Excuse my language but you can’t imagine how cold that shower was in that moment. Fortunately, they sat down seconds later.

From a production standpoint, LSN used one camera from the middle of the field as seen above and one camera on the sideline. They would use the sideline camera feed when switching the main camera for the next shot so viewers weren’t treated to long pans and periods of inactivity normally plagued by one camera procutions. While not exactly an ESPN broadcast, two cameras does make a big difference.

The announcing crew wasn’t terrible. One thing that remains a mystery as why announcers feel the need to explain rules and elementary tactics. Casual sports fans aren’t watching games on ESPNU and they especially aren’t watching a monthly subscription service. I’d love to get higher level analysis on the broadcast than, “that’s what we call a mumbo.” Perhaps after another season of few rule changes and more experienced announcers, lacrosse can reach that level.


As underdogs typically like to do, Cleveland State scored the first goal of the game. What a special occasion for those kids, the coaches, and the administration that decided to add the sport.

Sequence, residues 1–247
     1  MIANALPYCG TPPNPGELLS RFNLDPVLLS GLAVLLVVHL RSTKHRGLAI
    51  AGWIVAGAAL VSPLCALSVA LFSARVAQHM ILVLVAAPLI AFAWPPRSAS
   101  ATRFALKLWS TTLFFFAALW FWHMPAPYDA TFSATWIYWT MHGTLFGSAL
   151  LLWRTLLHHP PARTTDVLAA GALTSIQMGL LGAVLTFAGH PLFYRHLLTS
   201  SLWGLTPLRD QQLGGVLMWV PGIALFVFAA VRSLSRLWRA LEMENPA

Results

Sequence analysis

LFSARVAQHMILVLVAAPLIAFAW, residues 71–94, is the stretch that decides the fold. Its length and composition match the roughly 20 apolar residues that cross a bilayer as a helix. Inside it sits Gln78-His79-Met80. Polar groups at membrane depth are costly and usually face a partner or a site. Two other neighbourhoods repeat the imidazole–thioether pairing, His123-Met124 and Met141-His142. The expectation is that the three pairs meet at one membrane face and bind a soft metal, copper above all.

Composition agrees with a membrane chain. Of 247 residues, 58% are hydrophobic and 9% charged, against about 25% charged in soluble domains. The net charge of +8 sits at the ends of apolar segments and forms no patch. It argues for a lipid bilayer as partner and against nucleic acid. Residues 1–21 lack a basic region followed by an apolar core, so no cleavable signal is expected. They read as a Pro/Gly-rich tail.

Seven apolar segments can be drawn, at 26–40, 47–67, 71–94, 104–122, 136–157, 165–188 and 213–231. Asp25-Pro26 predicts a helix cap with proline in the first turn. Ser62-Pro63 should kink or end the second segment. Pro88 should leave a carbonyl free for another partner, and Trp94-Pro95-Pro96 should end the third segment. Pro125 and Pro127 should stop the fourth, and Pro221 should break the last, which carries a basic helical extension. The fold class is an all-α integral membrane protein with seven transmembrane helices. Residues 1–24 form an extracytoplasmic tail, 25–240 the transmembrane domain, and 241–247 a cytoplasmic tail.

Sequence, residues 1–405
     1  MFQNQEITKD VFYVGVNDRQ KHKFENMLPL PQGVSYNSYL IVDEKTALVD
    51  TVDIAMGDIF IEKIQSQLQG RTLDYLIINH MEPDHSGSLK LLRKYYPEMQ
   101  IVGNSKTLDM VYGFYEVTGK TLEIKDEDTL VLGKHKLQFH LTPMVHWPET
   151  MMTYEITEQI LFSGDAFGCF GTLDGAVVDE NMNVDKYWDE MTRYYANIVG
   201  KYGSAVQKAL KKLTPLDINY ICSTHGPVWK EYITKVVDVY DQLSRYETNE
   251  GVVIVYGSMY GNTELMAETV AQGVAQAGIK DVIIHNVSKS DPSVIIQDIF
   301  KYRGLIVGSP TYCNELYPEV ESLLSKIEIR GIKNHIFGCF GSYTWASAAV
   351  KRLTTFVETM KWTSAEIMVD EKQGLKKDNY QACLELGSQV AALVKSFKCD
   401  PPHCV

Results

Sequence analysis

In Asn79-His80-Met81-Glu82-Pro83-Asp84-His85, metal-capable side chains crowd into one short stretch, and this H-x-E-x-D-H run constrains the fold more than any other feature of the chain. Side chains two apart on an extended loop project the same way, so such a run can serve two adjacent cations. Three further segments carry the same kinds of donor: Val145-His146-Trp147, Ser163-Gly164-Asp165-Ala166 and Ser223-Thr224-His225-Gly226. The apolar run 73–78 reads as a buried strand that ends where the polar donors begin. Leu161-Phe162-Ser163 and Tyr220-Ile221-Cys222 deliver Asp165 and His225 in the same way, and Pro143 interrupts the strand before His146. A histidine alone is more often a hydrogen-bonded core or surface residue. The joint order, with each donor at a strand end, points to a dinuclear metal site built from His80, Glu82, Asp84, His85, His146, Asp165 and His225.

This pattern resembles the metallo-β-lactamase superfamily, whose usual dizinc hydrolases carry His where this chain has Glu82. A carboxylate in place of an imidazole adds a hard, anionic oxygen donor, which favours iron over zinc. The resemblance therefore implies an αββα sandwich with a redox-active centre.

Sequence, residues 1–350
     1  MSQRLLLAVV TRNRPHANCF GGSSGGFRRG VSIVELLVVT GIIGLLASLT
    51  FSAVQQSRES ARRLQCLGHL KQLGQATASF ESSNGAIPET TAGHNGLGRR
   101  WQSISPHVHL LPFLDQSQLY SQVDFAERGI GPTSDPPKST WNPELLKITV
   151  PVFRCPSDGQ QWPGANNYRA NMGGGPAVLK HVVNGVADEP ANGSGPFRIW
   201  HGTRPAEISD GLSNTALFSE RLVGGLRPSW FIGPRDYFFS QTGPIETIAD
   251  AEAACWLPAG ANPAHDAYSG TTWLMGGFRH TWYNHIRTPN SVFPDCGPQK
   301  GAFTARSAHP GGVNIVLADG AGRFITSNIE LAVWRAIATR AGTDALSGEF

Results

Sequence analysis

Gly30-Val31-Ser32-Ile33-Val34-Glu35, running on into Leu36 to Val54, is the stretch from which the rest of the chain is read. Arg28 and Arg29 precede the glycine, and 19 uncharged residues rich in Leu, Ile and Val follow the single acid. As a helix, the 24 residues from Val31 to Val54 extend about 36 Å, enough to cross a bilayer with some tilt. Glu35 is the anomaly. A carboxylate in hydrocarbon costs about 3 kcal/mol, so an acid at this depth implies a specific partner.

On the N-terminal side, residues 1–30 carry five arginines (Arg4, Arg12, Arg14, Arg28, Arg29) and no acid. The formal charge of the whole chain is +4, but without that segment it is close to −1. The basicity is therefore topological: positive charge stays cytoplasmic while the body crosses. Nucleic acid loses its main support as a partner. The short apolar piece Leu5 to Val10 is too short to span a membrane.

What’s Next for LSN

Saturday night, I complained to whoever would listen that there only twelve college games available of which two are fall ball scrimmages and five are D2 and D3 games. Perhaps my expectation was that they would have every college game from 2016 that wasn’t on ESPN or a paid webcast.

If they are only going to have ten college springs games from 2017 on LSN, I can’t imagine continuing my subscription beyond May. Now, if they were ever able to also carry the NLL, then the discussion changes to okay I’m looking forward to signing up again for next winter and then quitting.

Full disclosure, everything above this paragraph was written on Sunday. This week, I did some digging on forthcoming LSN programming and rejoice, they are carrying a ton of college games this spring.

Sad to report this happened while trying to watch the game again this afternoon. Not sure if it is an LSN problem or Yinzer internet issues.


The 2016 iteration of LSN wasn’t a bad product. It just was a bad product for me and anyone who cares way more about college lacrosse than the MLL and is highly critical of television production. Looks like 2017 could be a vast improvement. Suggest you sign up this weekend.